With “Bridge of Spies” behind us and “Life” and “Legend” in front of us, the parade of Oscar contenders set during the Cold War continues with “Trumbo.”
If it feels at times like a lecture, that’s because director Jay Roach and writer John McNamara (who adapted Bruce Cook’s book “Dalton Trumbo”) don’t expect audiences to remember American history.
They spend the first third catching us up on the Communist scare of the late 1940s and 1950s and Hollywood’s blacklisting of writers and directors, whose party affiliations offended right-wingers.
Trumbo became one of the Hollywood Ten, who went to jail and/or couldn’t find work under their own names for years. After serving 11 months for contempt of Congress – he refused to cooperate with the House Committee on Un-American Activities – he paid his bills by churning out low-budget scripts for producers too small to care what Hollywood thought of their pinko employee.
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Here the movie suddenly becomes fresh: As Trumbo labors toward the day when he’ll put his own name on screenplays again, his ceaseless toil alienates his family. We wait to see whether alcohol, cigarettes, Benzedrine and sleepless nights will kill him before he’s restored to honor.
Jay Roach, who has spent most of his career making “Austin Powers” and “Fockers” comedies, directs broadly. Some of the most memorable scenes are funny ones: A low-budget moviemaker (John Goodman) threatens to use a baseball bat on a Hollywood fascist, while Trumbo’s patient wife (Diane Lane) teaches her impatient daughter (Elle Fanning) to take out her frustrations on a punching bag.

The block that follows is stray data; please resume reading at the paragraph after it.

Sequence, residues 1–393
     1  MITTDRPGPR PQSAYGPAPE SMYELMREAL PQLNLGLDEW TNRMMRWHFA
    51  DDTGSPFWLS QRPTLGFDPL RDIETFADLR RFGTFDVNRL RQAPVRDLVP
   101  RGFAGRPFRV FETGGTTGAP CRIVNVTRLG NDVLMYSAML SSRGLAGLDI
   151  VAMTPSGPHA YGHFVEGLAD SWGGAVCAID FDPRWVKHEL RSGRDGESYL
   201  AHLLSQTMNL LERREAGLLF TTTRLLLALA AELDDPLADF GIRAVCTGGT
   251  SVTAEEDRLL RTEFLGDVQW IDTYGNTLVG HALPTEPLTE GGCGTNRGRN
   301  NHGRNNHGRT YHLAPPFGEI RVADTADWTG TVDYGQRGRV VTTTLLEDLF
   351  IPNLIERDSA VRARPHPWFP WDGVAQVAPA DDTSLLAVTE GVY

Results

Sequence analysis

McNamara, who makes his feature debut after 30-plus years in television, also lays things on thickly. Hedda Hopper, the powerful columnist who set out to ruin “subversives,” comes across as Satan’s handmaiden. (Helen Mirren has a good time with this.) McNamara stretches facts unnecessarily: J. Parnell Thomas, the congressman who hounded the Hollywood Ten, did end up in prison with two of them (Ring Lardner Jr. and Lester Cole), but not with Trumbo.
At first, the filmmakers seem to turn their subject into a patient, forgiving, resourceful saint. But as self-interest, frustration and anxiety seep in after Trumbo leaves prison, Bryan Cranston’s portrayal takes off. The more complicated the character becomes, the more Cranston brings to the role.
The film argues Trumbo was the most talented screenwriter of his generation. (He was surely the best of the Hollywood Ten.)
People have forgotten he won a National Book Award for the novel “Johnny Got His Gun” and two Oscars – neither under his name – in the ’50s for “The Brave One” and “Roman Holiday.” His peak came in 1960 with “Spartacus” and “Exodus,” both about struggles for independence and identity against oppressors.
But the patrician Trumbo, who once said of himself, “I fought fire with oil,” articulated the view of the common man in film after film, from “Road Gang” in 1936 to “Papillon” in 1973.
“Democracy means people can say what they want to,” he noted. “All the people. It means that they can vote as they wish. It means that they can worship God in any way they feel right, and that includes Christians and Jews and voodoo doctors as well.” Hard to imagine a more American sentiment than that.
☆ ☆ ☆
Cast: Bryan Cranston, Diane Lane, Helen Mirren, John Goodman, Louis C.K.
Director: Jay Roach.
Length: 124 minutes.
Rating: R (language including some sexual references).